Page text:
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2 years ago

Android Central weekly photo contest: Photo filters and effects

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With word that Instagram will soon be heading to Android, we all had better get ready for the invasion of photo filters and effects. It's not really new, we've been able to edit our pictures with hipster filters on Android for quite some time, but Instagram is sure to become hugely popular on Android -- Rene hits it right on the head as to why.

To prepare, this week's photo contest is all about the hipster effect. Grab a picture, grab an app, and get to work applying filters and/or effects -- or both. Some great free apps to do it with are PicsArt and PicSay from Google Play, and there are plenty of others -- I'm partial to LightBox myself -- so everyone can get in on this one. 

This week's prize is something new and cool that I want for myself -- the Smart Phone Sleeper. It's a universal stand that holds your phone just about anywhere, and would be perfect for a little night-time Netflix viewing or Youtube surfing. Winning one is easy:

  • Use an Android device to take a picture of something cool.
  • Use any method you like to apply some filters or effects to it.
  • Send it to pics@androidcentral.com, along with a name we can use and the model of Android you used to take it. Let us know what effects or apps you used, too. We like knowing this kind of stuff.
  • If you send in more than one, or send me a link instead of an attachment, your entry gets filed in the trash folder, so don't do that. I hate it when I have to do that.
  • Get me the pictures before the end of the night on Friday.

We'll pick the best 11 of the entries, then decide on the best of the bunch. We'll show you all of them Sunday afternoon. Now head down to the closest bodega, find something ironic, and take us a picture!

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2 years ago

Why privacy matters

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Privacy is a hot subject across the Internet lately, and we think it's high time to dissect the mountains of information and pick out what's relevant amidst all the FUD and nonsense out there. You'll see a series here this week about privacy issues and policies, and the best way to kick it all off is to discuss why it matters in the first place.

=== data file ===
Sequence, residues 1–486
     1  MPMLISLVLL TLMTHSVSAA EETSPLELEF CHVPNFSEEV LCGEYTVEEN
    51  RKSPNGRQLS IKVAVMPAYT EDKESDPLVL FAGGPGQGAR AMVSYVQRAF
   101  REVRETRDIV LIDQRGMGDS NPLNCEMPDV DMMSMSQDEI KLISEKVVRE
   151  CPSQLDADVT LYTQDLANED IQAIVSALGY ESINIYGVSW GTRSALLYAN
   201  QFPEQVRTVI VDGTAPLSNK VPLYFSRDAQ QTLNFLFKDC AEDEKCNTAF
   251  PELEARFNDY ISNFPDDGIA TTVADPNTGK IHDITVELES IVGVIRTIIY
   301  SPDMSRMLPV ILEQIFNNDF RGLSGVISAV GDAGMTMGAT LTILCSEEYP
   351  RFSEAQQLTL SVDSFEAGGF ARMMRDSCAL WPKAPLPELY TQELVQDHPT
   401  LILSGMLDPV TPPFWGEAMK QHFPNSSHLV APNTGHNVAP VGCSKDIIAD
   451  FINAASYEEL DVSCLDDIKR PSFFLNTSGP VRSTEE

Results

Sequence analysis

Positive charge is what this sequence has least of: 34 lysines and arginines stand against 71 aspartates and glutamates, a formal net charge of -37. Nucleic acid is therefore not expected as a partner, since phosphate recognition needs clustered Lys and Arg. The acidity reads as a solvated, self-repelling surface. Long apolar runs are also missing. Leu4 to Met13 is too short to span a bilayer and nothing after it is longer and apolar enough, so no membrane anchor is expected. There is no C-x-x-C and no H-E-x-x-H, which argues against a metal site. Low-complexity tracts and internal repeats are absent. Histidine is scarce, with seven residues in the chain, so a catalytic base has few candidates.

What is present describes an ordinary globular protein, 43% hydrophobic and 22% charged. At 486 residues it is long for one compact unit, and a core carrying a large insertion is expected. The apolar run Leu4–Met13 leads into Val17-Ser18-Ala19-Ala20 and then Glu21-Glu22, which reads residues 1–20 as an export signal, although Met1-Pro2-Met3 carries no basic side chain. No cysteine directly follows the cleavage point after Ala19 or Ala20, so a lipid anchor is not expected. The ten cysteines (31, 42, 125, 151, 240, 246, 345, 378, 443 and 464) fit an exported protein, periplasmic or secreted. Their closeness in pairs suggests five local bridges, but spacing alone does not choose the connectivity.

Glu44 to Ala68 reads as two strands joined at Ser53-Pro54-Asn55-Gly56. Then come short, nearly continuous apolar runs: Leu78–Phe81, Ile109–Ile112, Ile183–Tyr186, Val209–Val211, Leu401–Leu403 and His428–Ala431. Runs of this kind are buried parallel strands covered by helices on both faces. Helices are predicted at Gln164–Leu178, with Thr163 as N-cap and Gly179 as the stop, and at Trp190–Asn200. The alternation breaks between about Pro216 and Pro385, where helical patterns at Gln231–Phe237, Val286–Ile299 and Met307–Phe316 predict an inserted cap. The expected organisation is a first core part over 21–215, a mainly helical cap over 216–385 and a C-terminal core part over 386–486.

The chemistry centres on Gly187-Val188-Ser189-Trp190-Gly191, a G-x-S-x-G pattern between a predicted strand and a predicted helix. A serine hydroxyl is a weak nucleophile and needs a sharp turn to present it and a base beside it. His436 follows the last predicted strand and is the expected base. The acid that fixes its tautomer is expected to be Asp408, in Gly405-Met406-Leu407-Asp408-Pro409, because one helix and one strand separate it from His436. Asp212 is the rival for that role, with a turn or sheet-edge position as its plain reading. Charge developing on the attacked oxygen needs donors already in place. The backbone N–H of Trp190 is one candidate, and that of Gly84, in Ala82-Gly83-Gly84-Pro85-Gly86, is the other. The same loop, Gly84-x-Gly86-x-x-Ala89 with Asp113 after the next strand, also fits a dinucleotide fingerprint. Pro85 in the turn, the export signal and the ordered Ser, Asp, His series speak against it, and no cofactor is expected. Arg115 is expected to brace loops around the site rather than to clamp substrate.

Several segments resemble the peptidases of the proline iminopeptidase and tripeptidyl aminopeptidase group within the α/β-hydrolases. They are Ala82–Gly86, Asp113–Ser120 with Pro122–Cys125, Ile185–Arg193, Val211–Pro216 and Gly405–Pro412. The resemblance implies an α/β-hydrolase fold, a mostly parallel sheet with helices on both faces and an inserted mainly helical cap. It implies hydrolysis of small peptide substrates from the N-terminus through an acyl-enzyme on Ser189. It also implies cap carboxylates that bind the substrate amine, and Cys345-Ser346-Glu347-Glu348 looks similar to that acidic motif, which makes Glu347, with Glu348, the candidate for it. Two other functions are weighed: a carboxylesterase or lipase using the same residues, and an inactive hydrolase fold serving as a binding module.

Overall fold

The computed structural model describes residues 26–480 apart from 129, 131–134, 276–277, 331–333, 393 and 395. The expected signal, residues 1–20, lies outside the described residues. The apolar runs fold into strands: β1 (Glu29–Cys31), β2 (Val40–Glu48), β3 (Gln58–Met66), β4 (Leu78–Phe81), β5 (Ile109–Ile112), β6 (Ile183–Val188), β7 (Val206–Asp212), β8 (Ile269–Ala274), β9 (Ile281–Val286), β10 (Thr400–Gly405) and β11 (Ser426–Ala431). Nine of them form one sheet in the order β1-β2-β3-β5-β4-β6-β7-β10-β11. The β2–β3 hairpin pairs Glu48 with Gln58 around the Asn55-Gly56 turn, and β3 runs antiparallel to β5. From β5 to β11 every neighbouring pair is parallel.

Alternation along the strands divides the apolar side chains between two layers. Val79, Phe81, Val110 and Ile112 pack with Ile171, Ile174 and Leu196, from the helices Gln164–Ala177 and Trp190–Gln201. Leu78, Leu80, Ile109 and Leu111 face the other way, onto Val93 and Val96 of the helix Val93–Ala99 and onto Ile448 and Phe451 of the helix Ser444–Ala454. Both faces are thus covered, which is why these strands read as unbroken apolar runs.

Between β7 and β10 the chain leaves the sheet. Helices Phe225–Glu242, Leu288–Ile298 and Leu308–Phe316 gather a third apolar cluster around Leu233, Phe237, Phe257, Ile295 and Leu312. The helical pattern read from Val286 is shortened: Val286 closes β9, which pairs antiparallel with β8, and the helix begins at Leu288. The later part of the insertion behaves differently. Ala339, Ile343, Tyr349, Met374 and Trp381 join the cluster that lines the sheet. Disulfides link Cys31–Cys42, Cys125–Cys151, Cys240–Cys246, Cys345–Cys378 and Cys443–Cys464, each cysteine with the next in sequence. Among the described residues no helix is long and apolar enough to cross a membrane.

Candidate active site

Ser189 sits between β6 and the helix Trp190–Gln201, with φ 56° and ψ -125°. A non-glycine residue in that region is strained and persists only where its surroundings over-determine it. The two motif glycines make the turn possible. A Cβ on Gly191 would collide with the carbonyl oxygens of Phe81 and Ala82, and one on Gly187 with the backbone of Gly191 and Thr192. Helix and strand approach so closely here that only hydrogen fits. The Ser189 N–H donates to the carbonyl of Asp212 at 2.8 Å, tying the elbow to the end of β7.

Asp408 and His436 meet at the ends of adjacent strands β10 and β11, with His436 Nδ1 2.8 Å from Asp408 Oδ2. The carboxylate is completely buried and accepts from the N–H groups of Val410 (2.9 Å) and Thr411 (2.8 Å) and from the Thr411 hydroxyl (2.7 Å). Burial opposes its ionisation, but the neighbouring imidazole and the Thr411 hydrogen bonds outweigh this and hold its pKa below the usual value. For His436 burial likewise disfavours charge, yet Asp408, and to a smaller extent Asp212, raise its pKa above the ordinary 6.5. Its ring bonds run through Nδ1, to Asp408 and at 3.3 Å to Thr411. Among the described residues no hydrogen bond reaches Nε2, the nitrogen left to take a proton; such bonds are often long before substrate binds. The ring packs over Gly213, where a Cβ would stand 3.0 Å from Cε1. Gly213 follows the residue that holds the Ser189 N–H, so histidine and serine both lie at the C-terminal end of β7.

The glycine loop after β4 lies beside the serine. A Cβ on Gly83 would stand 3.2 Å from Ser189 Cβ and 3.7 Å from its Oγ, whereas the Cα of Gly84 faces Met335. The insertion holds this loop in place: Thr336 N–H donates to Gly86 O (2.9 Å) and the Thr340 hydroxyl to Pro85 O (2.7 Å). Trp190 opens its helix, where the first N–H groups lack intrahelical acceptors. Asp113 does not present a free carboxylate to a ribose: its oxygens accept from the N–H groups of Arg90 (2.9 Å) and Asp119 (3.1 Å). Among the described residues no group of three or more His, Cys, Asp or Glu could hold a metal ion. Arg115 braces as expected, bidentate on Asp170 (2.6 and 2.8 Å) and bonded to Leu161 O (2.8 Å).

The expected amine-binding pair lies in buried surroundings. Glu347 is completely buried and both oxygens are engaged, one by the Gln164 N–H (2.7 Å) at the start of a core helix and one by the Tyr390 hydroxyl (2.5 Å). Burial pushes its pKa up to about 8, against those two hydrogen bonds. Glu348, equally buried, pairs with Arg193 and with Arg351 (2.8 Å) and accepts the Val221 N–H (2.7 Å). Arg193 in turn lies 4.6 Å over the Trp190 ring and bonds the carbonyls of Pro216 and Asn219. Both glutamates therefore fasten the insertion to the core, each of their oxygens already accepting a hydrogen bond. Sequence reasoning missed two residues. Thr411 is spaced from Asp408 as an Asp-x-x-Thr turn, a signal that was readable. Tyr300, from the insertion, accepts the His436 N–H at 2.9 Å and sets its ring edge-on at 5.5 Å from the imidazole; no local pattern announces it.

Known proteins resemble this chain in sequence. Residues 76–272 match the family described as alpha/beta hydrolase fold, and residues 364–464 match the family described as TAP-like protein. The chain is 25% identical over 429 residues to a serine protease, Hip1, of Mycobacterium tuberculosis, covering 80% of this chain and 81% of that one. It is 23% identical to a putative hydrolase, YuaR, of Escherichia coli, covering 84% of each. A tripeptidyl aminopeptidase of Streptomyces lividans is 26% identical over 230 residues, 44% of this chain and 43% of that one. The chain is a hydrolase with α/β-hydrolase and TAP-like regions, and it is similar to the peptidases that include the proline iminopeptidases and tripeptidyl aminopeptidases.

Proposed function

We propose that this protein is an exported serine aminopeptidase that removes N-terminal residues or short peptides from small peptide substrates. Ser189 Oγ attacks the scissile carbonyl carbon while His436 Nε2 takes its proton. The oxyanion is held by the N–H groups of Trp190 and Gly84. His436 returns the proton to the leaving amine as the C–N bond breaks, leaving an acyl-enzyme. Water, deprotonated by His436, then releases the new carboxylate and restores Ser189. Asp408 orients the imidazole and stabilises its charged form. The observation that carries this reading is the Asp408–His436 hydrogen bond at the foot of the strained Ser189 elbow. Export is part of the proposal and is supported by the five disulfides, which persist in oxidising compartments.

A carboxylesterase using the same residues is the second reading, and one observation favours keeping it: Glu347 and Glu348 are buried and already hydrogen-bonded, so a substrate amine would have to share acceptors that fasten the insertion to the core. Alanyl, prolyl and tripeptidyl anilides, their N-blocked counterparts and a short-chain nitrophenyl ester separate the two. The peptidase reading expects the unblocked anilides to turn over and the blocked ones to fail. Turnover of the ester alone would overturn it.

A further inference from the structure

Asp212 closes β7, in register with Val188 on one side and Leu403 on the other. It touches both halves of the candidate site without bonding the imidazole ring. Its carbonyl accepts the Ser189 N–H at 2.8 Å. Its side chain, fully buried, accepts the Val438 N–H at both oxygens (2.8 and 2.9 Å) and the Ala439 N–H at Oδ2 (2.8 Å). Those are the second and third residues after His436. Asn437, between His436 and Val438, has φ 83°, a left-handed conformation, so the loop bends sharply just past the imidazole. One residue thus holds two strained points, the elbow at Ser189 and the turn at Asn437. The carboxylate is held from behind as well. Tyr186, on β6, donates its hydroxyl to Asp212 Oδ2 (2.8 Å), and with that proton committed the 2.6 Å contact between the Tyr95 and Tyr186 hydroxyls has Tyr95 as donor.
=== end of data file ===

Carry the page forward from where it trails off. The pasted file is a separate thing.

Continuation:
The fact is, if you use and enjoy Google services you have to give up some privacy to get the most out of them. Things like Gmail and Google Voice don't cost money, but in order to make ads that are lucrative Google mines some of your data and can sell ads targeted at things you like. Advertisers love this, as it keeps big nerdy guys in West Virginia from seeing ads about women's shoes that they will just ignore, and instead shows ads about Android, computer parts, and fishing guides. Google has made this a huge business, and to keep it working, Google needs your data. Google does not sell mail or search -- it sells ads. For the most part, this isn't too intrusive. The data about you is kept in some odd string of computer generated numbers and is only used to display things you are likely to want to see. None of it is sold to anyone else, that would disrupt G's business model. That data is their cash cow. 

We trust Google to do the right thing with our personal information, and for the most part they have done so. But Google isn't the only game in town that's collecting data about you. Other ad networks, Facebook, Microsoft, Apple, and your cell carrier collect a good bit of information as well. We want to trust the big players, and don't think Facebook or Apple will sell your data away to some spammer (or worse), but when we get to the lower tier, where ad networks and smaller companies collect and store your information, things get a little muddy. If these can't be trusted (and we're not saying they can't) why is it important?